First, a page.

Bank of Canada Pauses Rate Hikes

As was forecasted by economists, Bank of Canada Governor Tiff Macklem decided to keep the overnight borrowing rate unchanged at 5%, following data suggesting high interest costs are finally making their way through the economy and delivering stagnant GDP figures.

Macklem pointed to signs of an alarming second quarter slowdown in China’s economic growth, with inflation across advanced economies showing signs of easing. Likewise, Canada’s economy, too, has abruptly decelerated, thanks to slowing consumption growth and housing activity, as well as negative impacts stemming from this season’s rampant wildfires.

Still, policy makers pointed to broad-based inflationary pressures that are persist throughout the economy, namely a recent increase in gasoline prices. “Year-over-year and three-month measures of core inflation are now both running at about 3.5%, indicating there has been little recent downward momentum in underlying inflation,” reads the bank’s statement. “The longer high inflation persists, the greater the risk that elevated inflation becomes entrenched, making it more difficult to restore price stability.”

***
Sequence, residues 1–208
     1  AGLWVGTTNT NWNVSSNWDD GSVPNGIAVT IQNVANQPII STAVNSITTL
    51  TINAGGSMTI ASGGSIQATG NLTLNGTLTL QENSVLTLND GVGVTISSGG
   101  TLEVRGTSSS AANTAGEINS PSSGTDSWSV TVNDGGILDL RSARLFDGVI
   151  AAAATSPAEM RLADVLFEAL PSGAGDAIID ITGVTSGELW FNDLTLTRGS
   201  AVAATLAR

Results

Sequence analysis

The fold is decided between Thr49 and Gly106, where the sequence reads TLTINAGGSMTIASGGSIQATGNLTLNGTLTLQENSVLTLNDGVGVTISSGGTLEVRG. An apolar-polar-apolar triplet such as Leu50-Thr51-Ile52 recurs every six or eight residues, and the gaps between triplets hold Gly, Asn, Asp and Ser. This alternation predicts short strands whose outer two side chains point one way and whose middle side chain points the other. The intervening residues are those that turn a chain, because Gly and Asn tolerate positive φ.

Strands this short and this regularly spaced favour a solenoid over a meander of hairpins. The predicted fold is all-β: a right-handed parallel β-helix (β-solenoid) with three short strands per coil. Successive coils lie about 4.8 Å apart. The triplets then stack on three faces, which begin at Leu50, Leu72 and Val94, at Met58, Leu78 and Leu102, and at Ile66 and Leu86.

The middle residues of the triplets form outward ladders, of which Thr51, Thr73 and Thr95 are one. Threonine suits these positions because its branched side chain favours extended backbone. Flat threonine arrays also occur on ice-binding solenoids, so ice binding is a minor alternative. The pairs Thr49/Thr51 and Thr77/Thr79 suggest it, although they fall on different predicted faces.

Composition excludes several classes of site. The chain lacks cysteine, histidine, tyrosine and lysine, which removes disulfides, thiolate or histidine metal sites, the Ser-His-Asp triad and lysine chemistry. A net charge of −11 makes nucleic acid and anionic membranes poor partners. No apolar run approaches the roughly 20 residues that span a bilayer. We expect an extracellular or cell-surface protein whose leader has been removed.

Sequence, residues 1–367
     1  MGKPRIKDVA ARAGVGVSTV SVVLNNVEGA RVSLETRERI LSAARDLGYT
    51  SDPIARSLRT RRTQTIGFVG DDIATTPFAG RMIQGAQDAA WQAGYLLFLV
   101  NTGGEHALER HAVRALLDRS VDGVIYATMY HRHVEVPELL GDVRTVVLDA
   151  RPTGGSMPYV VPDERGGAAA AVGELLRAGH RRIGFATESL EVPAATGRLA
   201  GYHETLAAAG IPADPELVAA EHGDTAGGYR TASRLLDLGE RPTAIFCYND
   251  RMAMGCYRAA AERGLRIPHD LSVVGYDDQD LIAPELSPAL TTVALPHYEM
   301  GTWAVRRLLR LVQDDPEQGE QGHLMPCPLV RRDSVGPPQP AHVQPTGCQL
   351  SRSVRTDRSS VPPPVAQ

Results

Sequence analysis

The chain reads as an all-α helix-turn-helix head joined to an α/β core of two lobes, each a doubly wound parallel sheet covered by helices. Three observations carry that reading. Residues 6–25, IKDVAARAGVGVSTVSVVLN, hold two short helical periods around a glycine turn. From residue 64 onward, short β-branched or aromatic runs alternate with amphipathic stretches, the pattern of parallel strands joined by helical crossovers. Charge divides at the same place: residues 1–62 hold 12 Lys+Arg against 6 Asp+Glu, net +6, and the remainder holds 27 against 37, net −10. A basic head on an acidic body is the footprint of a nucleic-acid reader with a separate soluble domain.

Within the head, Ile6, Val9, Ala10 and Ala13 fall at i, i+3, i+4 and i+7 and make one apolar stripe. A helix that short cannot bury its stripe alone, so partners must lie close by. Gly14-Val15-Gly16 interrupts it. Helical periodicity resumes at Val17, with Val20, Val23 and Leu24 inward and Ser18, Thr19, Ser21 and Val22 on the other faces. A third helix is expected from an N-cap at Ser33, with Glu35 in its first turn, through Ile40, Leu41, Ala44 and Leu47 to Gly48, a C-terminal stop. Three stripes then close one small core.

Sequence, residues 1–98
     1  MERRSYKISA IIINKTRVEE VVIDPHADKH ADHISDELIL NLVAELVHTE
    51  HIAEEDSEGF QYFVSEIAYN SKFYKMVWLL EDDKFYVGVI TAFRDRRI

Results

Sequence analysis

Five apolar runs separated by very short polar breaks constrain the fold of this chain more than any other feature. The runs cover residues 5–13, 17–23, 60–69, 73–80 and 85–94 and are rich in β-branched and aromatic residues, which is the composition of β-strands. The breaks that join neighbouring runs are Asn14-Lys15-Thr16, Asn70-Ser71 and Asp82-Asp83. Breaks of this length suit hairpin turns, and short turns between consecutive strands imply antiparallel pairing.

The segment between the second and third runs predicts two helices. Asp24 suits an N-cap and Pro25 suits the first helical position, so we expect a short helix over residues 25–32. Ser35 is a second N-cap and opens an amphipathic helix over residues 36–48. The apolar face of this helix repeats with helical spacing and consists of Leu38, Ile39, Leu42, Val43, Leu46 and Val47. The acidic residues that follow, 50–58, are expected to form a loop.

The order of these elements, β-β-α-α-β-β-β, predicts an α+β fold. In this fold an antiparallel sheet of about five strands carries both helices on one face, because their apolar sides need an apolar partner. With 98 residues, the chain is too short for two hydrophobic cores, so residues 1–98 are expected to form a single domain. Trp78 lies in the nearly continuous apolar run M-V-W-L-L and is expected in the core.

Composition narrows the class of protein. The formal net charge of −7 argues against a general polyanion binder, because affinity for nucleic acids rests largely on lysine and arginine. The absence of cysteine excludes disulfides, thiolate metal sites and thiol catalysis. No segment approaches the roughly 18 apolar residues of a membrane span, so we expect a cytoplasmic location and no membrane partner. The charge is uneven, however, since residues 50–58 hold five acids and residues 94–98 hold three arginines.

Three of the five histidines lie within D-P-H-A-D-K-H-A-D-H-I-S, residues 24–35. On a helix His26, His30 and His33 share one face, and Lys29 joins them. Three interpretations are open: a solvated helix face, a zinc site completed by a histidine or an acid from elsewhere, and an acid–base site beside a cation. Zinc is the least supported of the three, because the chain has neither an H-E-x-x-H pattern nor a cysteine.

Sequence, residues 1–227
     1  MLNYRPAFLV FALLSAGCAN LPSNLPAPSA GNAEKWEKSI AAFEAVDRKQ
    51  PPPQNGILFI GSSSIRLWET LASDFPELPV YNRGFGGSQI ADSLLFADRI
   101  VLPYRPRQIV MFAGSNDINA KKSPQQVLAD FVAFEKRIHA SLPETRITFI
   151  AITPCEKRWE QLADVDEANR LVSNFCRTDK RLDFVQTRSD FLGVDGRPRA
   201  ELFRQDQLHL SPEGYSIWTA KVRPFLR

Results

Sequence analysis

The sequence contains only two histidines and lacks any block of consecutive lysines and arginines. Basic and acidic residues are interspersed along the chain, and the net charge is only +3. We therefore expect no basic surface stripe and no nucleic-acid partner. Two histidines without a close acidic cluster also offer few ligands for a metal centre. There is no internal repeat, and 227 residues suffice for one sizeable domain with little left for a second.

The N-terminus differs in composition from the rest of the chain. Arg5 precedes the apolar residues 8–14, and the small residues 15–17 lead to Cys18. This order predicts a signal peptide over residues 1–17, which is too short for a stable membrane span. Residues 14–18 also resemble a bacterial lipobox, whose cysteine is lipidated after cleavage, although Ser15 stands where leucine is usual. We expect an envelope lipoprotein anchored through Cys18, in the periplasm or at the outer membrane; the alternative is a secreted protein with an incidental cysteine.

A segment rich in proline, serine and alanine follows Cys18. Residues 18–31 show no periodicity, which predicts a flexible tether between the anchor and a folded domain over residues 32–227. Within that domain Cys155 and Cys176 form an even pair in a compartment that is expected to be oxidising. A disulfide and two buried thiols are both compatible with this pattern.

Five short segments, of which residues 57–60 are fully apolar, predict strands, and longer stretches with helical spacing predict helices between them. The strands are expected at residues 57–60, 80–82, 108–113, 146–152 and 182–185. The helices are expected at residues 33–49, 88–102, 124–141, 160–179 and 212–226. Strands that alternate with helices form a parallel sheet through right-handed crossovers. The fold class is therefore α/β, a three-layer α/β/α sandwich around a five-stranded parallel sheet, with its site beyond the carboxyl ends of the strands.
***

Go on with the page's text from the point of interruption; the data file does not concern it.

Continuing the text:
But, despite September’s pause on raising interest rates, the bank continues to raise alarm over underlying inflation, and is thus prepared to hike borrowing costs again depending on incoming economic data. “We will be evaluating whether the evolution of excess demand, inflation expectations, wage growth and corporate pricing behavior are consistent with achieving the 2% inflation target,” policy makers added.

Information for this story was found via the Bank of Canada. The author has no securities or affiliations related to the organizations discussed. Not a recommendation to buy or sell. Always do additional research and consult a professional before purchasing a security. The author holds no licenses

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